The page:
[Did you go to church consistently in that time of your life? Every Sunday?]

“Uhh… there’s a time in our life when our parents just kind of like gave up on us [When was that?] Uh it was just kind of like after–we went to Catholic school for a long time, and then after that it was like well, whatever… they didn’t care for structuring our religion or anything like that.”

[So after you were confirmed did you have the distinct experience of going to church that Sunday and suddenly being officially allowed to take communion as a confirmed Christian?]

“Yeah, it really is like being accepted into a group, you really–I mean that’s like the most ritualized example I could think of in my life of being like, growing up in a specific culture but not really being part of it, and you become part of it after a certain period of like… I don’t wanna say liminality, but of learning about it and then going through a ritualized process, and now you can take communion and now you can drink the wine–the blood–no, the wine–to wash it down.”

[Did that actually mean anything to you?]

“I think that’s the problem with a lot of religion, actually, is that it’s really–and even my stepmom, she’s not religious, but I have two very young siblings and she wanted to take them to church because like it creates a community, a structured environment–and so it’s less about the religion and more about you interacting with a structured group with an obvious morale, and there’s no like drugs, sex or anything going on that’s like funny [ahem?] and everyone knows each other so it really is more about the community than the religion. And I remember I had a lot of Presbyterian friends, cause there’s a big Presbyterian church in my town, and they would have like Sunday school groups and they would always hang out–and you do feel left out *smirk* when you’re not part of the Sunday school group. Whatever, they would go to some crazy Christian camps–not Jesus camps, they were more like retreats.”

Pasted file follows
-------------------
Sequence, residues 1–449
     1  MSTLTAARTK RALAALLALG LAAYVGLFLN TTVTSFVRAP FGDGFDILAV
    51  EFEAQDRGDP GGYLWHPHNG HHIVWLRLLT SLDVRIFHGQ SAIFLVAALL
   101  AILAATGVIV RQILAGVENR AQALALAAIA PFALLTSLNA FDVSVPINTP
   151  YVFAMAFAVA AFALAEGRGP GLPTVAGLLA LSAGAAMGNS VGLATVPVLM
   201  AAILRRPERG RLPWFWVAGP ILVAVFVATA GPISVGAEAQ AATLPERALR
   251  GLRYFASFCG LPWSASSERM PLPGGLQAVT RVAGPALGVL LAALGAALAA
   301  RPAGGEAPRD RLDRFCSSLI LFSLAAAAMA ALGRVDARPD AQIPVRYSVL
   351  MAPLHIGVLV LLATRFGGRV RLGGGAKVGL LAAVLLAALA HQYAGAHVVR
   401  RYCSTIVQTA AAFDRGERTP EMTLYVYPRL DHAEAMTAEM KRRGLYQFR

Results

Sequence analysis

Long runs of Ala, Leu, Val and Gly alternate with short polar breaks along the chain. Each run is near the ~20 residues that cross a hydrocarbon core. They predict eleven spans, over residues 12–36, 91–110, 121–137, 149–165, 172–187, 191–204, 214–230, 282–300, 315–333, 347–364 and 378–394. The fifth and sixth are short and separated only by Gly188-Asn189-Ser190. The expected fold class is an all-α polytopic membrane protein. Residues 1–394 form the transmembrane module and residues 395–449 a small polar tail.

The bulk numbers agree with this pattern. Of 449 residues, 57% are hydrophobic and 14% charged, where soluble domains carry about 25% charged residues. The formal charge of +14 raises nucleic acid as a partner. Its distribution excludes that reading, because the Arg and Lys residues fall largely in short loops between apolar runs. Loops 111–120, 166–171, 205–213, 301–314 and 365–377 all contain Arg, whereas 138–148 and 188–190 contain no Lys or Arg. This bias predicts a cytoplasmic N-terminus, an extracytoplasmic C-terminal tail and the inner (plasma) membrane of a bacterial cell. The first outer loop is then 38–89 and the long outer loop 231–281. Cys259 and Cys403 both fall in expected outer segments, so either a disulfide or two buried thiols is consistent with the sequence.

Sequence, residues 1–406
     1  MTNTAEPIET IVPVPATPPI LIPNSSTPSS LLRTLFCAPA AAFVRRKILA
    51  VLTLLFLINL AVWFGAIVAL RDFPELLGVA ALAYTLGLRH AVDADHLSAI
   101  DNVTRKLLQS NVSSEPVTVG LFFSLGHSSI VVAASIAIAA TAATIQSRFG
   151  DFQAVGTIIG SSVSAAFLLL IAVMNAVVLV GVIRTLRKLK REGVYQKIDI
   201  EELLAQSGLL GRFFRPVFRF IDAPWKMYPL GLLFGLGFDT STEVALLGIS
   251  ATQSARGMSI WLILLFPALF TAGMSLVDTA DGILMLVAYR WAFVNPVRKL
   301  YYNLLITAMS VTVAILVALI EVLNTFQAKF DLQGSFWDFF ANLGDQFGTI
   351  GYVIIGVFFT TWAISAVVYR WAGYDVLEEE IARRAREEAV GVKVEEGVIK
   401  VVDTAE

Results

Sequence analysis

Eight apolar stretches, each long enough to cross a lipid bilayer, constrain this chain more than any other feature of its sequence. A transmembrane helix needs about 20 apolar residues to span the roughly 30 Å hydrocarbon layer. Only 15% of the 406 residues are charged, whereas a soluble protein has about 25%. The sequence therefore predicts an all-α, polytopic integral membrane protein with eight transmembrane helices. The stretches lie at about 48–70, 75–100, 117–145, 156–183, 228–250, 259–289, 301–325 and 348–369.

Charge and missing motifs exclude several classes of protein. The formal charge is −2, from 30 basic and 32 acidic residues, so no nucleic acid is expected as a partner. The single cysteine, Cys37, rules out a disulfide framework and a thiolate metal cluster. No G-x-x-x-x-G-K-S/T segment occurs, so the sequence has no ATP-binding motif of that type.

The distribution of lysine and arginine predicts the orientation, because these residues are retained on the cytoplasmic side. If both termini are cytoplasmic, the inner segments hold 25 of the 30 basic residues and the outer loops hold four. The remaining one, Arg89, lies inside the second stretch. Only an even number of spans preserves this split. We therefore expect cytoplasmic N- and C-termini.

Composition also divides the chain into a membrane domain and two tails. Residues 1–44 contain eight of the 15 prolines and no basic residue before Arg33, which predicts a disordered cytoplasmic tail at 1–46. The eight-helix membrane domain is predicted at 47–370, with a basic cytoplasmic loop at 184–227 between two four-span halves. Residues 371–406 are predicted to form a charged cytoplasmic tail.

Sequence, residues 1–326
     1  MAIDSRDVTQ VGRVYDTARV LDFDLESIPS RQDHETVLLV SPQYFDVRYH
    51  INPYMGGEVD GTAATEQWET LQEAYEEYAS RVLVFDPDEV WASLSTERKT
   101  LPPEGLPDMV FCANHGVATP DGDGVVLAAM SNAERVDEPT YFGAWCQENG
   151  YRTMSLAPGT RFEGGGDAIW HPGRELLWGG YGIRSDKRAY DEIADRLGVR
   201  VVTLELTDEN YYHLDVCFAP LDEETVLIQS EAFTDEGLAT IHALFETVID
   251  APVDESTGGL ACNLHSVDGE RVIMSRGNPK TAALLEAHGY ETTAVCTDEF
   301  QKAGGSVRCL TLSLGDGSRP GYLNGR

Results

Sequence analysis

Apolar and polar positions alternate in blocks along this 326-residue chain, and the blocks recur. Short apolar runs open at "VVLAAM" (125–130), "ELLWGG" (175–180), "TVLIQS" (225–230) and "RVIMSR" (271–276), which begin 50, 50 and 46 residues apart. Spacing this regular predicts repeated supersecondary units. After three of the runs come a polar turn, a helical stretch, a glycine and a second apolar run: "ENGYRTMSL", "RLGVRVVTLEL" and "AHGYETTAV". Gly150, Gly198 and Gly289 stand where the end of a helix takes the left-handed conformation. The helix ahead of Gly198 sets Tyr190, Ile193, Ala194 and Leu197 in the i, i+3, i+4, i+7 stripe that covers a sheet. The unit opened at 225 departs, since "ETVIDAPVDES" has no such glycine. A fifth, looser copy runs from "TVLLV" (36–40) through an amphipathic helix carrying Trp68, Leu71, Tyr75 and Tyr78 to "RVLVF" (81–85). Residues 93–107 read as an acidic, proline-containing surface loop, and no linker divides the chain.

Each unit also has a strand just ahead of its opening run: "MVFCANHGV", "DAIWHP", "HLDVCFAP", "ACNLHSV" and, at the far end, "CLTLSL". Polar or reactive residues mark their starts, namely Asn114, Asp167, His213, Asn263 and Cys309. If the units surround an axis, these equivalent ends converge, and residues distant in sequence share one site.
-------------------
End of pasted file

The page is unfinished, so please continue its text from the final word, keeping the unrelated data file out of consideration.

The informant is not religious but she acknowledges the religious system that she has been initiated into. To her it is a supplementary piece of her identity, a shared experience that helped to shape her understanding of the world but not definitely inform it. In some ways, this non-literal conception of religion is folkloric in itself–the Catholic Church doesn’t tell you that its inherent value as an institution comes from the structure or community it provides. It’s supposed to tell you that it exists because that’s what God wants. Yet many people don’t necessarily believe that, and choose to suspend their disbelief for the sake of belonging to a tradition. Rituals such as confirmation delineate stages of faith that are further supported by rituals specific to each stage (communion, for example, for after you have been confirmed). They are visible proclamations of faith, but even more so, of identity within the culture of the faith. Confirmation also seems to set an arbitrary age at which a person is supposedly ready to make up his or her own mind about what s/he believes. In this way it can be a coming-of-age ritual more than it is a faith-based ritual.